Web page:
Applicable diagnosis codes are one of the required elements for an estimate. We believe that a reasonable interpretation of the requirement is that until you have given a patient an initial evaluation and formulated a diagnosis, there is no applicable diagnosis code (unless, for example, the patient has been referred by another mental health professional who provided a diagnosis.) Thus, for most new patients you can indicate “TBD” under the “diagnosis code” section. If you later assign a diagnosis to that patient, you can update this information in future estimates provided to the patient.

Q4: What happens if I make a mistake or omit information in the good faith estimate?

If the services have not yet been provided to the patient, you should provide a corrected estimate to the patient as soon as practicable.

If the services have already been provided, you should provide the patient with an updated estimate as soon as practicable, at least prior to their next appointment. A patient may still initiate the dispute resolution process in the No Surprises Act if the total amount you charge the patient (per provider) is at least $400 more than the charges listed in the estimate.

We recommend that you develop a system for tracking your estimates against actual patient billing to reduce issues with patients complaining that you exceeded your estimate. You will want to avoid reaching the $400 threshold, which the rule defines as fees “substantially in excess” of the estimate.

Q5: Is it enough to just provide your rates per session or do you have to give your best estimate of the number of sessions or frequency in writing as well?

It is not enough to just provide your rates per session to a new or established patient. The estimate should include the rates per session of the service(s) you anticipate providing to the patient, as well as the projected number and frequency of sessions. If you anticipate providing the same services to the patient at the same frequency over a period of time, you may provide a single estimate to that patient for all those services, so long as:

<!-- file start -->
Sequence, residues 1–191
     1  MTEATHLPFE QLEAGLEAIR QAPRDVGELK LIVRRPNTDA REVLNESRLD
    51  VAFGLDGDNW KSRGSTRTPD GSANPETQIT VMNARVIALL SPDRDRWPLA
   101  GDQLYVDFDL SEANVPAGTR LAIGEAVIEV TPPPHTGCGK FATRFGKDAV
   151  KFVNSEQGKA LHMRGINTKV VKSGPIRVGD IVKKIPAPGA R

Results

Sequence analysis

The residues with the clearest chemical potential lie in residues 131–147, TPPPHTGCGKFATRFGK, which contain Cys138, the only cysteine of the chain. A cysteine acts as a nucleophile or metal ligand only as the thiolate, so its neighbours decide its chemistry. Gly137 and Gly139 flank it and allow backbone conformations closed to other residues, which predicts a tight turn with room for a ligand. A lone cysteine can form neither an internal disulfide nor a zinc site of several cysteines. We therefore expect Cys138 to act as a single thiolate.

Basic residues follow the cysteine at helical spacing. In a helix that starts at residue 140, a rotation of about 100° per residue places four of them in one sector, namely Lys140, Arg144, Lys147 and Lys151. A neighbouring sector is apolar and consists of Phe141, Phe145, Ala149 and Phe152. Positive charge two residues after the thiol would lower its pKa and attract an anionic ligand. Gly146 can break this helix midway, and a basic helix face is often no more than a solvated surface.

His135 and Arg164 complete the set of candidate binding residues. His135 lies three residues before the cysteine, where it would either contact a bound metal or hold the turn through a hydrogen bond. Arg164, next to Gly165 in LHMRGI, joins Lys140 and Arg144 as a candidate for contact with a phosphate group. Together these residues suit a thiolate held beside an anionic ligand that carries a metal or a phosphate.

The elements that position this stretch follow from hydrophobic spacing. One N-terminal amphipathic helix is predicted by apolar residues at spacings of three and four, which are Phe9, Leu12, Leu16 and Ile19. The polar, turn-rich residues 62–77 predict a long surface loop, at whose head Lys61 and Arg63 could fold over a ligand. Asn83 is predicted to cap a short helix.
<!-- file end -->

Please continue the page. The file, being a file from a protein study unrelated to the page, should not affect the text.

• the estimate includes, in a clear and understandable manner, the “expected scope of the recurring primary items or services (such as timeframes, frequency, and total number of recurring items or services)”; and
  • the estimate can only include recurring services that are expected to be provided within the next 12 months.

Q6: What do I do if a patient later requires more or less intensive treatment or services?

You should update the information in the estimate previously provided to that patient to reflect any significant changes to the expected cost of services to the patient. For example, you would need to update the estimate if the patient originally came in with a mild diagnosis that you expected would merit 8–10 sessions, but subsequent trauma or discovery of a more serious diagnosis causes you to shift to a much longer expected course of treatment.

It is especially important to update your estimate if it goes up and creates the risk of exceeding your original estimate.

Q7: The postal service in my area is slow. How do I ensure that patients receive their good faith estimates within the required timeframes?

The rule does not specify how the estimate should be transmitted. For example, an updated estimate can be provided in-person to the patient at the end of their appointment if it is available. The general presumption in federal laws is that the U.S. Mail is an acceptable form of delivery. If you are sending this information by U.S. Mail, make sure the notice is postmarked within the timeframes specified above.

If the patient consents to communications via email, you may send the estimate to their preferred email address. However, remember that the estimates include sensitive information such as applicable diagnosis and the type of treatment. We recognize that the rule’s effort to create greater cost transparency for patients also increases the risk that their sensitive information regarding mental health (or other private health matters) may be intercepted. While email is much faster and more efficient, it is a less secure communication method unless the email is encrypted.

Q8: What recordkeeping requirements apply to these estimates?

The new rules consider these estimates to be part of the patient’s medical record, so estimates must be maintained in the same manner as the patient’s medical record. Thus, you should keep GFEs for the longer of: 

  • your state law requirements for maintaining records; or 
  • the six years that the new rule requires you to make GFEs available to patients upon request.